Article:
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President Obama has yet to explain to Congress and the American people how he received authority from the United Nations Security Council to initiate military operations against Libya. On March 21, he informed Congress that “at my direction, U.S. military forces commenced operations to assist an international effort authorized by the United Nations (U.N.) Security Council.” An April 1 memo by the Office of Legal Counsel states that Security Council Resolution 1973 “imposed a no-fly zone and authorized the use of military force to protect civilians.” Because Libya did not comply with the resolution, the OLC concluded that President Obama was justified in using military force against Libya to maintain “the credibility of the United Nations Security Council and the effectiveness of its actions to promote international peace and security.”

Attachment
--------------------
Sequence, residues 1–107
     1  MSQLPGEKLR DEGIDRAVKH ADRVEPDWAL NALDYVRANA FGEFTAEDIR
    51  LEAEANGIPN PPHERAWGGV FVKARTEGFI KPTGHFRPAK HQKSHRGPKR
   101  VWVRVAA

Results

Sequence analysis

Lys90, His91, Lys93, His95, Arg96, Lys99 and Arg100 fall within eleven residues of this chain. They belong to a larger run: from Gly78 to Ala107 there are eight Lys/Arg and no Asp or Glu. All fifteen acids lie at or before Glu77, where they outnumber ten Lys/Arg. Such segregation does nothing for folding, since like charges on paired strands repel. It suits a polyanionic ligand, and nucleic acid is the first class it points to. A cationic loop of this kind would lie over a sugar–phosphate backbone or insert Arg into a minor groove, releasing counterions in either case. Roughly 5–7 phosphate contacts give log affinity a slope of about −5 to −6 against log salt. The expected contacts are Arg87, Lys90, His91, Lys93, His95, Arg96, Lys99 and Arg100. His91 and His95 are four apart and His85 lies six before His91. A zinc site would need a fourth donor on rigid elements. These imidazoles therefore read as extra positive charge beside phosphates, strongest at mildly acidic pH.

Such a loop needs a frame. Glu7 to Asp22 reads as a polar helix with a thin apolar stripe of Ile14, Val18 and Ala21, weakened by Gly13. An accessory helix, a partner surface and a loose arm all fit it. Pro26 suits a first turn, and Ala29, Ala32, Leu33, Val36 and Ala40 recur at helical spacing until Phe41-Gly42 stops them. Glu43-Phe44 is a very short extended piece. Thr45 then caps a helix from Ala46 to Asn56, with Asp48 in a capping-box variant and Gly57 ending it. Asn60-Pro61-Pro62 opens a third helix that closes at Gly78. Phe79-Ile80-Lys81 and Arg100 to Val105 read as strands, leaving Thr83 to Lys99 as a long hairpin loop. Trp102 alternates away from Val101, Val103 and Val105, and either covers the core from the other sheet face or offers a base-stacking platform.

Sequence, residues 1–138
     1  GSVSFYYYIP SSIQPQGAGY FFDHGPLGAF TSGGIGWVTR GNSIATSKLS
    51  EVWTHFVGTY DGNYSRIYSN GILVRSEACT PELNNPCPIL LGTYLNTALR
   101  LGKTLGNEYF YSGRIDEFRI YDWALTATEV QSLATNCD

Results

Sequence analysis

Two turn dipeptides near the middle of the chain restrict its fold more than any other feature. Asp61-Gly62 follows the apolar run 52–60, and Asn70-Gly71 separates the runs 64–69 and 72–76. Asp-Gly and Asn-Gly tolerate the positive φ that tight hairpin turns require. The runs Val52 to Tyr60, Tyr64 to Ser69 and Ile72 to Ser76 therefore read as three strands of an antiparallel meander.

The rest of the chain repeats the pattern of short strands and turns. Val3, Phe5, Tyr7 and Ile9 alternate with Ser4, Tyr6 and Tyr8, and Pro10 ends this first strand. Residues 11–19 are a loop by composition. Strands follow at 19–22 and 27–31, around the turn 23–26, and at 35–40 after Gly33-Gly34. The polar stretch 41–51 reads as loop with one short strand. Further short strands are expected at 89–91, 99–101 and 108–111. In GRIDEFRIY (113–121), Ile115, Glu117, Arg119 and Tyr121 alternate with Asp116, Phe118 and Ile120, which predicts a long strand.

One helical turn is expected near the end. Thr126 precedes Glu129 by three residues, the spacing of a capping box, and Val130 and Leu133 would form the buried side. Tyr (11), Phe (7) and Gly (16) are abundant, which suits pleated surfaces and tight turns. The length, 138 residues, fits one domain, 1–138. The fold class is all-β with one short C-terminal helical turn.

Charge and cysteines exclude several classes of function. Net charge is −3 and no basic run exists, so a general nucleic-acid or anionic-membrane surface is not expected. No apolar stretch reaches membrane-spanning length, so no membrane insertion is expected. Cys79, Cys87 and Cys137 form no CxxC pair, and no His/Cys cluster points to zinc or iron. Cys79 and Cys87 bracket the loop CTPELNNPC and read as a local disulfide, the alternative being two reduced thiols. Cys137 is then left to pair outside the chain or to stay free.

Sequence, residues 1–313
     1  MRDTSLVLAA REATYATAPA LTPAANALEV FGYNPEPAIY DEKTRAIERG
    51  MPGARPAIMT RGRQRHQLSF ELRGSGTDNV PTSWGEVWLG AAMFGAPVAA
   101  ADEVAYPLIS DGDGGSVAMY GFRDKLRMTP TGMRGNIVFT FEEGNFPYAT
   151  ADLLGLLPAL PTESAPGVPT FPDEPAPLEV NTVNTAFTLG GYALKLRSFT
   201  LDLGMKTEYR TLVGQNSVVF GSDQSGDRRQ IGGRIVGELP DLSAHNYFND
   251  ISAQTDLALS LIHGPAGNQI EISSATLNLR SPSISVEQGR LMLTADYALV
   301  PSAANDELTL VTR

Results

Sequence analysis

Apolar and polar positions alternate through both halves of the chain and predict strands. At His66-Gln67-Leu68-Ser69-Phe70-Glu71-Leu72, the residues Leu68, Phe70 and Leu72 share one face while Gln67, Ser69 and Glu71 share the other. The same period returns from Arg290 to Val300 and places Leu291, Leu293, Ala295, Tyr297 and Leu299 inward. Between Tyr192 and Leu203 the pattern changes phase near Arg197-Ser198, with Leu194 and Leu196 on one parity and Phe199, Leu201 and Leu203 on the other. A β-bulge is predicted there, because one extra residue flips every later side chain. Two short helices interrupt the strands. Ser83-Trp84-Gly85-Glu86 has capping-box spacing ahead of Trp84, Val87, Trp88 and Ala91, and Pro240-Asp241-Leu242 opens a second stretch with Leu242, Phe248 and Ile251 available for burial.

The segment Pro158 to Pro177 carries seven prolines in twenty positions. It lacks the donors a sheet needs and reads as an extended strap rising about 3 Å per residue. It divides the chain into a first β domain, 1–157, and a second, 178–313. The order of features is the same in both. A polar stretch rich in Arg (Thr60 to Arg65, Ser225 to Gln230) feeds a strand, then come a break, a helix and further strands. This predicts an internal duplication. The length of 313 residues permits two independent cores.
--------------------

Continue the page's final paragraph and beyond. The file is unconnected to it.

May the U.N., rather than the elected representatives of Congress, authorize the United States to use military force against another nation? Is it possible to transfer the constitutional power of Congress to an international body? The answer to both questions: No. Authority under law and the Constitution must come from Congress. Statutory law, dating to 1945, speaks unambiguously about the use of American troops in a U.N. military operation: “The President is authorized to negotiate a special agreement or agreements with the Security Council which shall be subject to the approval of the Congress by appropriate Act or joint resolution.” 22 U.S.C. 287d.

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